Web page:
OPINION: The Australian Medical Association (AMA) and medical specialist groups are currently debating public disclosure of gifts received by doctors from pharmaceutical companies. The bone of contention is how valuable the freebies need to be before the doctor has to declare them.
The debate has arisen in the context of a review of Medicines Australia’s Code of Conduct – a document produced collectively on behalf of the Australian pharmaceutical industry to guide the behaviour of member companies.
In keeping with similar moves overseas, Medicines Australia is proposing to mandate disclosure of gifts and payments to doctors, starting in 2015, and is currently seeking stakeholder input into the technicalities of such a move.
The various positions
The current debate focuses on two options that have been mooted by Medicines Australia. The first is that any gift or payment worth $10 or more should be disclosed if a practitioner receives more that $100 a year from an individual drug company. The second is that all gifts worth $25 or more should be disclosed.
Medical colleges in Australia appear to be divided in their views as to which of these options is most appropriate.
The Royal Australasian College of General Practitioners (RACGP) has argued – much to the chagrin of some of its members – for the $10 option.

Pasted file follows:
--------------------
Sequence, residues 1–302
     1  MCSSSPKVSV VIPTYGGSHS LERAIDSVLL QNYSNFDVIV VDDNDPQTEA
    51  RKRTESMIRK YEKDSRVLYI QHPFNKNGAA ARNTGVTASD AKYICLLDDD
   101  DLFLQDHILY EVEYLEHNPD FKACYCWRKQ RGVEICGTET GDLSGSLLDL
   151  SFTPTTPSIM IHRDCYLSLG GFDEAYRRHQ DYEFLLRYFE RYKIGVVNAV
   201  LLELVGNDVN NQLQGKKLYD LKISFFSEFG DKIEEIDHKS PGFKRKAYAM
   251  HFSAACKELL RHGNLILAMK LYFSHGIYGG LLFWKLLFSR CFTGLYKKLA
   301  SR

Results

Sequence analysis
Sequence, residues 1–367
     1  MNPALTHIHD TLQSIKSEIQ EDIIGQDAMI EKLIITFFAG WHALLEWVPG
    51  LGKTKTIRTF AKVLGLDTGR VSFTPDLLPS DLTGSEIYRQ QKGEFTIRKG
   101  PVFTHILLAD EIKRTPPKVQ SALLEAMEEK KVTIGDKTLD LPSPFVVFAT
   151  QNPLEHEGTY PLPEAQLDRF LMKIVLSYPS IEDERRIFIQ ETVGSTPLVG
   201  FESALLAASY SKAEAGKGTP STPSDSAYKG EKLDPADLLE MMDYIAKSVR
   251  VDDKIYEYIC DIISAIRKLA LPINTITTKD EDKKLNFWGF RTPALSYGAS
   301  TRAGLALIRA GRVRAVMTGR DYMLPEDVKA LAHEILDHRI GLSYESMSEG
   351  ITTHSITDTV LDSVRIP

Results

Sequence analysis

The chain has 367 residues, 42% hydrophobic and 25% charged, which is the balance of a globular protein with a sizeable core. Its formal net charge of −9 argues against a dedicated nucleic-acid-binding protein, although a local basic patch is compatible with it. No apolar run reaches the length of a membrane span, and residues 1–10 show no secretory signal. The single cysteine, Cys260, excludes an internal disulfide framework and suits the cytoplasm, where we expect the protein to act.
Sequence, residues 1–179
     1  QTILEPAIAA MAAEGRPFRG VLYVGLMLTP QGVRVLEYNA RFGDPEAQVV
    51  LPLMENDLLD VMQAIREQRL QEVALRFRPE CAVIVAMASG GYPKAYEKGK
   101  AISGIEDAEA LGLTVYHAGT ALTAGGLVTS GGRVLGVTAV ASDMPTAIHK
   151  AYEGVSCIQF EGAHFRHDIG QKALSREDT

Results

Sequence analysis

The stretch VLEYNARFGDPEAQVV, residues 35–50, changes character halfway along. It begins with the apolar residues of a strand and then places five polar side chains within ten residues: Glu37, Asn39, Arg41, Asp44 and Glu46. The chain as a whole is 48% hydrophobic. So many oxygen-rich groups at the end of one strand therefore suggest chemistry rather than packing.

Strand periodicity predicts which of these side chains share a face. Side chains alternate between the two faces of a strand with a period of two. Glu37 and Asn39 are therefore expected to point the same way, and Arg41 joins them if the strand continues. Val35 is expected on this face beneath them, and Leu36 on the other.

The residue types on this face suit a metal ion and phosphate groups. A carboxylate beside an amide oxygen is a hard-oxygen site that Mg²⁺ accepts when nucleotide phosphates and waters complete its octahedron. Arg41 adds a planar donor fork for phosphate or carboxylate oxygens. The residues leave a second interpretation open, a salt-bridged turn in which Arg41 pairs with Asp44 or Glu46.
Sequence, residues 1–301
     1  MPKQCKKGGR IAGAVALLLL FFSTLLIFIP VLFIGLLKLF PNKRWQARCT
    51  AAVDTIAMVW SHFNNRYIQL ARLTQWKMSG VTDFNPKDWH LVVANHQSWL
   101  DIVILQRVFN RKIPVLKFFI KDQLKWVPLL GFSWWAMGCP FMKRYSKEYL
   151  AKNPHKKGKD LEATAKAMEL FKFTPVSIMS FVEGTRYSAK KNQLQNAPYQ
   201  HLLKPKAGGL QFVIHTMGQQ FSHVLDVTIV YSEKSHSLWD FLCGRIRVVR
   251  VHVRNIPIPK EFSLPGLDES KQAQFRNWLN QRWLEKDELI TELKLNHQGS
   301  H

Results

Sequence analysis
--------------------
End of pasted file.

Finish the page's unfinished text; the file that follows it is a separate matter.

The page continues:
In contrast, the Royal Australian College of Surgeons (RACS) and the Royal Australian & New Zealand College of Psychiatrists (RANZCP) have argued (in their submissions to Medicines Australia) that the threshold should be $25 – although the RACS thinks this requirement should kick in if a doctor receives more than $250 from an individual company per year, while the RANZCP wants the trigger for reporting to be $1,000 a year.
The AMA, in contrast, has reportedly cautioned against mandating disclosure of mere “tea and biscuits” benefits, arguing that the focus should be on larger payments received for consulting and speaking on behalf of drug companies.
Those arguing for lower thresholds claim that small gifts are no less likely than large gifts to influence prescribing behaviour. This argument is dismissed by others who suggest that patients don’t want to know about small gifts; that extensive reporting of low-cost gifts would create needless “noise” and obscure reports of more significant payments; and that doctors’ rights to privacy need to be protected.
These are all very important issues. If measures to manage interactions between doctors and industry are to work, it’s absolutely crucial that they are consistent with what the public wants; are sufficiently stringent; do not inadvertently undermine their own goals; and don’t infringe on the (genuine) rights of anyone concerned.
In this regard, we suggest that the focusing the debate on whether the threshold for reporting low-cost gifts should be set at $10 or $25 is patently absurd.
For one thing, these debates assume that disclosure is, or should be, the principal means by which the relationship between the health professions and industry should be managed – an assumption that is highly questionable.